I’m James Harding, I’m the Editor of Tortoise, and I ask this because, at the end of a week in which we and Sky News published the Westminster Accounts, I want to mention two things I’ve learned about politics – but also one about journalism.

The Westminster Accounts has been a project nine months in the making. A nine-month effort to go and find out what’s really going on. Sky News asked us to work with them to try and organise an open, easily usable database that tracks the movement of money into British politics. Who gives what? To whom? And for what? Earnings; donations; benefits.

The first lesson I learned is that there’s a world of difference between transparency and visibility. In fact, I’ve come to recoil a little when politicians boast of the “transparency” of the system. That’s because the Westminster Accounts organises reams of information, all of it publicly declared. In other words, all the information has been out there – it’s been available, but it’s been impossible to see a clear picture of what’s going on. In other words, transparent, but not visible. 

The second lesson – and this might come as a disappointment if you think journalists always want to show they’ve found the smoking gun – is that the Westminster Accounts overwhelmingly show the integrity and public service of MPs and the Palace of Westminster. It’s not the case they’re all on the take; it’s not that they’re all in it for themselves. For example, the Westminster Accounts make it clear, for the first time, that it’s a small minority – about 5 per cent of MPs – who make the vast majority of the money – £17 million so far this parliament, earned from second jobs.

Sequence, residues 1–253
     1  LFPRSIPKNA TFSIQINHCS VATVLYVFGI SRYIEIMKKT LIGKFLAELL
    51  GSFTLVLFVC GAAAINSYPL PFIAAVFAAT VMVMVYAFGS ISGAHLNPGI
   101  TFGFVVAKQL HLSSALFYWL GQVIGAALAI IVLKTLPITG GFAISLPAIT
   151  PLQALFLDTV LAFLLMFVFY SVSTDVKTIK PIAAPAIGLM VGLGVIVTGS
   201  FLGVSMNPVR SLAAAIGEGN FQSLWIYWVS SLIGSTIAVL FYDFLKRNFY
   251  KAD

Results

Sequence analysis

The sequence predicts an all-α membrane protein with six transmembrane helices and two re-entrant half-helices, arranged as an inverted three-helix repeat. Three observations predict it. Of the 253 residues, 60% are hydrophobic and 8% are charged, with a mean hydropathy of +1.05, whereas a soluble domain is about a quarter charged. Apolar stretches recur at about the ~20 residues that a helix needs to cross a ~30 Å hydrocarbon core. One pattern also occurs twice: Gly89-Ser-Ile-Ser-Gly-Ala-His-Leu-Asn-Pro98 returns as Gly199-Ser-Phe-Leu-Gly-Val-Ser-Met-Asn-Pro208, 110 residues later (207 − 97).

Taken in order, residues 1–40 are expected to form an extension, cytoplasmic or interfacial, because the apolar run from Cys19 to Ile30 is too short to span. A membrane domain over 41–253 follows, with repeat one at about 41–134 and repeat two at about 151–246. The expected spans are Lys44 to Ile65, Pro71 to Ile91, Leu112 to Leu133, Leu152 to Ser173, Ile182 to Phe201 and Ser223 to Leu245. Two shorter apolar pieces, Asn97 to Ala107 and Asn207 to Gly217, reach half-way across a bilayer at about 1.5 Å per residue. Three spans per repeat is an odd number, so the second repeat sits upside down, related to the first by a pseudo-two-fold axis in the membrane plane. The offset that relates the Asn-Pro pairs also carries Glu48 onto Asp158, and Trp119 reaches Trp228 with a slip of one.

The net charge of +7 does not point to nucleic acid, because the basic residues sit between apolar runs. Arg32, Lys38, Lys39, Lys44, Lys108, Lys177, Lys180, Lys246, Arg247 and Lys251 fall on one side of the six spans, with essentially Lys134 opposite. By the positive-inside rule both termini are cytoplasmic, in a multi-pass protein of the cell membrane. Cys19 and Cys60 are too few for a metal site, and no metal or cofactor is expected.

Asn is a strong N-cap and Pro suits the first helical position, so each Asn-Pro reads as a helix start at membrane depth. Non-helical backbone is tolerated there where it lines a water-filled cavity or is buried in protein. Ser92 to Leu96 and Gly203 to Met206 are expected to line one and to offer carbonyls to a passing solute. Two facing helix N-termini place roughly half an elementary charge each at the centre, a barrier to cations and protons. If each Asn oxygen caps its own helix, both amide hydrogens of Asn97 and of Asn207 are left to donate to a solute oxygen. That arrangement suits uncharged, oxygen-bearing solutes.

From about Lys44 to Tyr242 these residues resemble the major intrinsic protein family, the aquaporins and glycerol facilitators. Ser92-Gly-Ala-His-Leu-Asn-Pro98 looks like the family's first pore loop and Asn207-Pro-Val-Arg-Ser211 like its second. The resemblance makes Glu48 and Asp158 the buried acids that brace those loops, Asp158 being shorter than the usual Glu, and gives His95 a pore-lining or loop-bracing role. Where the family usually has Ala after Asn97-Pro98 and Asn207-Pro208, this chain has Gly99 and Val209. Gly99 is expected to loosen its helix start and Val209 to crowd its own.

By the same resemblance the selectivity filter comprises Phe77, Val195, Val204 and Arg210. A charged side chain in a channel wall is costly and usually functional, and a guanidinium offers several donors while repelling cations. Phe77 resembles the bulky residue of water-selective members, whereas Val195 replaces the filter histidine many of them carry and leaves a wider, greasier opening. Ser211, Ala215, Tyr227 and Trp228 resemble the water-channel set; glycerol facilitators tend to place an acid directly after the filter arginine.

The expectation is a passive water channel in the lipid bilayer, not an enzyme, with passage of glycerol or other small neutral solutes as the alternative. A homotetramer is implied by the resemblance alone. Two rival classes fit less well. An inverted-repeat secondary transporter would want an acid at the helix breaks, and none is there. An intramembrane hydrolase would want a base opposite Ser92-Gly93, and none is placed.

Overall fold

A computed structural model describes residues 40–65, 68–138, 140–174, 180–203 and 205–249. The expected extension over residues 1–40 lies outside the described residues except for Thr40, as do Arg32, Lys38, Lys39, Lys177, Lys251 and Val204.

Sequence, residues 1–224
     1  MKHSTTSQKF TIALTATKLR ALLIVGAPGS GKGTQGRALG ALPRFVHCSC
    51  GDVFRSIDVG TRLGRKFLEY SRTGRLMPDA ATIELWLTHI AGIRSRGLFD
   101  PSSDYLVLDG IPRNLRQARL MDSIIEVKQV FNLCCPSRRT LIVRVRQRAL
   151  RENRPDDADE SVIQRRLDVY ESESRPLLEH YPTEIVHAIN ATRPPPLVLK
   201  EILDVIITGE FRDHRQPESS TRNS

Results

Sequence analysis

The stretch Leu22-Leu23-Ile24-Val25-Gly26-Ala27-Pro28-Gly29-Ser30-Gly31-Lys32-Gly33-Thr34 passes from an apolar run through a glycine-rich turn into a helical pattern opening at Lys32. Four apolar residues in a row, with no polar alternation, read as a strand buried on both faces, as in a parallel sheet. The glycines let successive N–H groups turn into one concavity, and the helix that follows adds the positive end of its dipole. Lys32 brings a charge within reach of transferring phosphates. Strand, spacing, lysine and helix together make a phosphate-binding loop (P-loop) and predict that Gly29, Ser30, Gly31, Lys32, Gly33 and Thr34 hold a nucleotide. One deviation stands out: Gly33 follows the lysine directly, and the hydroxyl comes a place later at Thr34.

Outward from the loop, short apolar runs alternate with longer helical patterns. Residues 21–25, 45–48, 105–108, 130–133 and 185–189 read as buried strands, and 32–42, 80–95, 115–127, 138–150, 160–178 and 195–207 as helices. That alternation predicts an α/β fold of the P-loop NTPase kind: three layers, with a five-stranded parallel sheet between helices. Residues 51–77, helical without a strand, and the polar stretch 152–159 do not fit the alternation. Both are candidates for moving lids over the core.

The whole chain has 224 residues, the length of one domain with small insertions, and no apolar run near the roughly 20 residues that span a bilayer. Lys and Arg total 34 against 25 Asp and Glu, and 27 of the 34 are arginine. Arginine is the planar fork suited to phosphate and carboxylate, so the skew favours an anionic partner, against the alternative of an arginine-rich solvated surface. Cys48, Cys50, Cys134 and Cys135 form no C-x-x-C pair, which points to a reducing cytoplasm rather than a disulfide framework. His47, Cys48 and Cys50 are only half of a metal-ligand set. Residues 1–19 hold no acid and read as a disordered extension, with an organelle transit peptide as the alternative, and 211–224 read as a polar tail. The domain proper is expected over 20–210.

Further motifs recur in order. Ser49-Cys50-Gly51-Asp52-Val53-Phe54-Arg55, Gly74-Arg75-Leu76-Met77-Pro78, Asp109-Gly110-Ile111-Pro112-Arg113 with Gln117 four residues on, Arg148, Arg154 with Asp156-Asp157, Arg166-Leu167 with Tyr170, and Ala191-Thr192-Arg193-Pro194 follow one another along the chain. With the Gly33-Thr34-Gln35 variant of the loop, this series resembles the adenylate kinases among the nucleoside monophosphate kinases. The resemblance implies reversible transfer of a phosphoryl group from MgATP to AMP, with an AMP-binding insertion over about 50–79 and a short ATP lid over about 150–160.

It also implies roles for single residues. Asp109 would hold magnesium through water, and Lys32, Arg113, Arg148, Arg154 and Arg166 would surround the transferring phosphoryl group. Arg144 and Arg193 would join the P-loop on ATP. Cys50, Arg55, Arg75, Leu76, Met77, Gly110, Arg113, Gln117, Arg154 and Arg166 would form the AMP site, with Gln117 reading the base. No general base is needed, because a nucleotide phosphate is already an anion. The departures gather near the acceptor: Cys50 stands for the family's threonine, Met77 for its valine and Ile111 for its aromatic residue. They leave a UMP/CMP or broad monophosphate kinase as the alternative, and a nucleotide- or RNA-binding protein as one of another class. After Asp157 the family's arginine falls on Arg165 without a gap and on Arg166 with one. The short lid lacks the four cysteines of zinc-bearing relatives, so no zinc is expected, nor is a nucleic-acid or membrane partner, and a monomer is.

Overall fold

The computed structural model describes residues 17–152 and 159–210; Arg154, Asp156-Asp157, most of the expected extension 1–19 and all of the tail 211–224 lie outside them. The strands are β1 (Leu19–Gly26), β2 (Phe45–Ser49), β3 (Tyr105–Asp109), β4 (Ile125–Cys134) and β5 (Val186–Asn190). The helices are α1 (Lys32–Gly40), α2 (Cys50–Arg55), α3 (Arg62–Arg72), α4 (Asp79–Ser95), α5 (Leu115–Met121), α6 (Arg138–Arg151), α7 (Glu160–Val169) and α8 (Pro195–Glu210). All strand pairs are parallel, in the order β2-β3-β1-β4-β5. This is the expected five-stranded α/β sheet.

In fact, only 36 MPs – the likes of Theresa May, Boris Johnson, Geoffrey Cox and others – declared earnings of over £100,000. And those 36 MPs collectively took in £13 million of that £17 million. I.e. a group of just over 5 per cent of those sitting MPs took in over 75 per cent of all MPs’ earnings, leaving the other 614 odd MPs with the remaining quarter – in fact, many earn nothing at all.